Enthroned Madonna and Child with four saints
Giovanni Battista di Jacopo, known as Rosso Fiorentino (Florence 1495 – Paris 1540)
Giovanni Battista di Jacopo, nicknamed Rosso Fiorentino (“rosso” means red) due to the colour of his hair, trained in the workshop of Andrea del Sarto alongside his peer, Pontormo. From his early Florentine works, he displayed a particularly original style, characterised by a strong anti-classical energy, which tended to break out of the balanced Renaissance framework and favour innovative formal solutions with a powerful, dramatic charge. In 1524, he moved to Rome, where the exasperated expressive research of his previous years gave way to a sophisticated, intellectual formal elegance. Following the Sack of Rome in 1527, he travelled around many Italian cities, eventually reaching France. There, he secured a position at the court of King Francis I, who commissioned him to decorate the palace in Fontainebleau, the Gallery of which would become a cornerstone of international Mannerism.
Carthusian monk Leonardo Buonafede, prior of the Hospital of Santa Maria Nuova, commissioned him to execute this painting in 1518, to honour the testamentary bequest of Francesca de’ Ripoi, a Catalan widow who had died in Florence the previous year. The large altarpiece was to be positioned above an altar of the Ognissanti Church, where the widow had been buried. According to the commissioning contract, the painting was supposed to depict the Virgin and Child among the saints John the Baptist, Benedict (who shared the same name as the widow’s father), Leonard (who shared the commissioner’s name) and Jerome. The painter undertook to deliver the work by the end of June that same year, but when it was completed, the commissioner voiced his dissatisfaction for the result and the work was relegated to the church of Santo Stefano in Grezzano. Vasari relates that Leonardo Buonafede deemed the altarpiece “sketchy” and complained about the bizarre unseemliness of the saints, who resembled “cruel, desperate” devils. The dispute between painter and commissioner also had legal consequences, since Rosso Fiorentino took Buonafede to court for withholding nine florins from the twenty-five they had negotiated as payment.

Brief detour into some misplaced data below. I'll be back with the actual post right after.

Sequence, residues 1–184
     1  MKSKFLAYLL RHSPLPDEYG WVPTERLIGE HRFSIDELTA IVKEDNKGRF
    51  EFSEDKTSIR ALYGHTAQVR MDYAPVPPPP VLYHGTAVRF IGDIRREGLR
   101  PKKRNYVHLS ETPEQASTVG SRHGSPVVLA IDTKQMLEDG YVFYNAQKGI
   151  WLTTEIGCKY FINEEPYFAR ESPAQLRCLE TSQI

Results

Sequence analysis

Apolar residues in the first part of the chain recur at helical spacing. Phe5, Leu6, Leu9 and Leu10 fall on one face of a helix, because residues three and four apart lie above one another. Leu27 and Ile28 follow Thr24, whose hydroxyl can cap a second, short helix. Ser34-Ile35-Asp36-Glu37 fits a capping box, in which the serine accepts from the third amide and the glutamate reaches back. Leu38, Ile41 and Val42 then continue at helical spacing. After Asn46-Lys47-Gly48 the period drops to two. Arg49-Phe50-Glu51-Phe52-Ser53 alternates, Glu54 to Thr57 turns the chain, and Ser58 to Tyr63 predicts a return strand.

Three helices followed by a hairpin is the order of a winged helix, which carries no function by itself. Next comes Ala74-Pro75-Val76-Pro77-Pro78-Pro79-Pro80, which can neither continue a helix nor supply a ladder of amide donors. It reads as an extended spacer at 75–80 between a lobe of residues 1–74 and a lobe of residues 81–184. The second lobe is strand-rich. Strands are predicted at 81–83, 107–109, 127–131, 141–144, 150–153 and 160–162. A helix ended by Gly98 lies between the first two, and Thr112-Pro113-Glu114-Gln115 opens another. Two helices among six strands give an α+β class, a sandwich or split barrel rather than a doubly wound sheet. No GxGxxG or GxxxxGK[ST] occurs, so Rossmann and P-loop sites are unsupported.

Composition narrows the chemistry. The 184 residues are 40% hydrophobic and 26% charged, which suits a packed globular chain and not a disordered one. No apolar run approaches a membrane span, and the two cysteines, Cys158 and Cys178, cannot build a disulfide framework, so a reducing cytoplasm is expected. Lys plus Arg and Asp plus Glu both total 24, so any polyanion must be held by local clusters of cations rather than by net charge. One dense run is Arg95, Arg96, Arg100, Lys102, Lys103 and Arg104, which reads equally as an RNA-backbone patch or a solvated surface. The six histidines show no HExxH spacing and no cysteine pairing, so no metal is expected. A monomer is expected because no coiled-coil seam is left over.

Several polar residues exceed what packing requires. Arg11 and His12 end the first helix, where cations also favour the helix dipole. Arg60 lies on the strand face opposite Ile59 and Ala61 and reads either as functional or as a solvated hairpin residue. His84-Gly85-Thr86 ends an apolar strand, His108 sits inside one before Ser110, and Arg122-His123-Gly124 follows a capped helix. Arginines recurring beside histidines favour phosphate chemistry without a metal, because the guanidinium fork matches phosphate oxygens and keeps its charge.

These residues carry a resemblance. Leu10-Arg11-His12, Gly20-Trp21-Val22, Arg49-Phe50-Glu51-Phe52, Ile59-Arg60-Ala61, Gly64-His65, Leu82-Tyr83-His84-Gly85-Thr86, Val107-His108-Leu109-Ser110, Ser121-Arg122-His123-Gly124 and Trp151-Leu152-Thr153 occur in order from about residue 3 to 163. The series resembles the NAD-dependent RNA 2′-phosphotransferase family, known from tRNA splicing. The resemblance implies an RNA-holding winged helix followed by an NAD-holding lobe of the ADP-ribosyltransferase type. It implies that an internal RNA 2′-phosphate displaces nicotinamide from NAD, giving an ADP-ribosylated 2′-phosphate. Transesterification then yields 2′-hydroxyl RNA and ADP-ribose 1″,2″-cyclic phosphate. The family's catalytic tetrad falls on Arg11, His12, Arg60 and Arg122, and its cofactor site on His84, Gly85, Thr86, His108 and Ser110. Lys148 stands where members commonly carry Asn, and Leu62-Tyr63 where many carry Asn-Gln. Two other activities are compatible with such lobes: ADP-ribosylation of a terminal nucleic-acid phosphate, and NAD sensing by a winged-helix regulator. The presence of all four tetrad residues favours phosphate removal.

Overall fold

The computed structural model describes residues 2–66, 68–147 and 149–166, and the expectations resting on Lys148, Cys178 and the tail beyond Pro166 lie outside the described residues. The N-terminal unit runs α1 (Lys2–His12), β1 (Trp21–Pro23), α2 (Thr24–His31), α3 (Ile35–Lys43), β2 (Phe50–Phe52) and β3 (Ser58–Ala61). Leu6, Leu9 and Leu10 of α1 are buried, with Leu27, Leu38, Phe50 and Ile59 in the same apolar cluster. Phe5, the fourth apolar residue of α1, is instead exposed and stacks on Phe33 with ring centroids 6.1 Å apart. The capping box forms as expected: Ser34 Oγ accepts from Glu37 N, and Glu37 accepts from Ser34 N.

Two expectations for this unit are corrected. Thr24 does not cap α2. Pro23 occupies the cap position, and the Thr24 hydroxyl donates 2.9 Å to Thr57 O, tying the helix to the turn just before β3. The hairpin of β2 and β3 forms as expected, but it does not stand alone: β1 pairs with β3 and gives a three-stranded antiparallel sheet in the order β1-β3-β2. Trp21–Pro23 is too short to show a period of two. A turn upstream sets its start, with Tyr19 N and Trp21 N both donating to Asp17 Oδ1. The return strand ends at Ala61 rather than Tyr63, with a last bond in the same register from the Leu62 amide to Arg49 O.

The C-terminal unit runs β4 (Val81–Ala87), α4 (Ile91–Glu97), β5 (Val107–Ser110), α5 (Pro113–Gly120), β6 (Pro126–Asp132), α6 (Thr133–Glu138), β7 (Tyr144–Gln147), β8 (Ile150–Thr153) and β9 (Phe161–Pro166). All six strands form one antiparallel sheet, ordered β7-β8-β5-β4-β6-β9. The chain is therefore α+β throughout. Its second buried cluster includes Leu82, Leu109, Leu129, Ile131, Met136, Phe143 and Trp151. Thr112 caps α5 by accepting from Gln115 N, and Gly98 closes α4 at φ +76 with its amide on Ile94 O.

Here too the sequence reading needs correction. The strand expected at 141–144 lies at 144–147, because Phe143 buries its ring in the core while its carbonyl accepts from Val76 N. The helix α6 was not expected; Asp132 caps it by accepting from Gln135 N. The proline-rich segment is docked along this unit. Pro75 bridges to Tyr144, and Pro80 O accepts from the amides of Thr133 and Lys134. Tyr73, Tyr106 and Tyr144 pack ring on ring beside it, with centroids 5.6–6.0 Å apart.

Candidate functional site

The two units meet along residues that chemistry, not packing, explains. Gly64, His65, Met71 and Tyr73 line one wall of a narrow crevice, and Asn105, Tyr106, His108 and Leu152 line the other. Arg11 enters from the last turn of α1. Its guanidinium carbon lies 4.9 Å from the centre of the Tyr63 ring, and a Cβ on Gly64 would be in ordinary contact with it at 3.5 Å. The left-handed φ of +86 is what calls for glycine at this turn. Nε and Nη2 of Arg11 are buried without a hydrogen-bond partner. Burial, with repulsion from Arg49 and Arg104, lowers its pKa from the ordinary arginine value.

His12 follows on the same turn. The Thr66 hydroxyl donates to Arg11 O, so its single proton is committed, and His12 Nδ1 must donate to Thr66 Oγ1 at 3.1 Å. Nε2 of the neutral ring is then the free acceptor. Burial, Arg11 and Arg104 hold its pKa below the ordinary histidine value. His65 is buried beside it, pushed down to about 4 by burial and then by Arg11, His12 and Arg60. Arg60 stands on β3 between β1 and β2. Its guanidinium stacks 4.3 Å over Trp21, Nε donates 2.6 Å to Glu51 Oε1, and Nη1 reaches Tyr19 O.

The fact that the painting was put to a different use also explains its divergence from the initial iconography.
And in fact, the studies carried out on the work have revealed the existence of a previous version beneath the one visible today. St Leonard was transformed into St Stephen, after whom the church in Grezzano was named, and the saint’s attributes were changed accordingly, replacing Leonard’s shackles with the stone on Stephen’s forehead. Instead, St Benedict was changed into St Anthony the Abbot, and the mark of the Tau was added to his monk’s habit.
The other two saints at the sides of the composition are St John the Baptist and St Jerome, who shared the experience of penitence in the desert. Buonafede’s criticism of the painting reverberates in the figure of St Jerome, whose skeletal body, emaciated and scowling face and grasping hands embody the restless and anti-classical spirit of the painter’s early phase.
The austerity of the composition is mellowed by the two sweet angel children sitting on the steps of the Virgin’s chair, engrossed in the Holy Scriptures.